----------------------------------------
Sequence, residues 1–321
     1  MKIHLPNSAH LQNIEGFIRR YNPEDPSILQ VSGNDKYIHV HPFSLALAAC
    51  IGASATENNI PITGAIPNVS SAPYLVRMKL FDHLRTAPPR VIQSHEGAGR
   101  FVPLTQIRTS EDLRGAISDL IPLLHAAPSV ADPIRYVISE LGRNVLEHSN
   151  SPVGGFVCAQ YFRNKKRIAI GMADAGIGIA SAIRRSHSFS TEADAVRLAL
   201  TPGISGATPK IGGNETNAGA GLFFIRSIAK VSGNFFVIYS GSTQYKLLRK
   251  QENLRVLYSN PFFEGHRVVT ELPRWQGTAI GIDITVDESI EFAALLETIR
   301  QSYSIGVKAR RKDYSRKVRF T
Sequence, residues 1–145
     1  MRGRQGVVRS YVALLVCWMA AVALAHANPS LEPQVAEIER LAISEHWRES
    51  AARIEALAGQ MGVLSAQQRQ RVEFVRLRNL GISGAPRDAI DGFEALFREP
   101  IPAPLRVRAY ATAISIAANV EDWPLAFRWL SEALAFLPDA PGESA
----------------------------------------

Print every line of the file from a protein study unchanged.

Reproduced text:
Sequence, residues 1–321
     1  MKIHLPNSAH LQNIEGFIRR YNPEDPSILQ VSGNDKYIHV HPFSLALAAC
    51  IGASATENNI PITGAIPNVS SAPYLVRMKL FDHLRTAPPR VIQSHEGAGR
   101  FVPLTQIRTS EDLRGAISDL IPLLHAAPSV ADPIRYVISE LGRNVLEHSN
   151  SPVGGFVCAQ YFRNKKRIAI GMADAGIGIA SAIRRSHSFS TEADAVRLAL
   201  TPGISGATPK IGGNETNAGA GLFFIRSIAK VSGNFFVIYS GSTQYKLLRK
   251  QENLRVLYSN PFFEGHRVVT ELPRWQGTAI GIDITVDESI EFAALLETIR
   301  QSYSIGVKAR RKDYSRKVRF T
Sequence, residues 1–145
     1  MRGRQGVVRS YVALLVCWMA AVALAHANPS LEPQVAEIER LAISEHWRES
    51  AARIEALAGQ MGVLSAQQRQ RVEFVRLRNL GISGAPRDAI DGFEALFREP
   101  IPAPLRVRAY ATAISIAANV EDWPLAFRWL SEALAFLPDA PGESA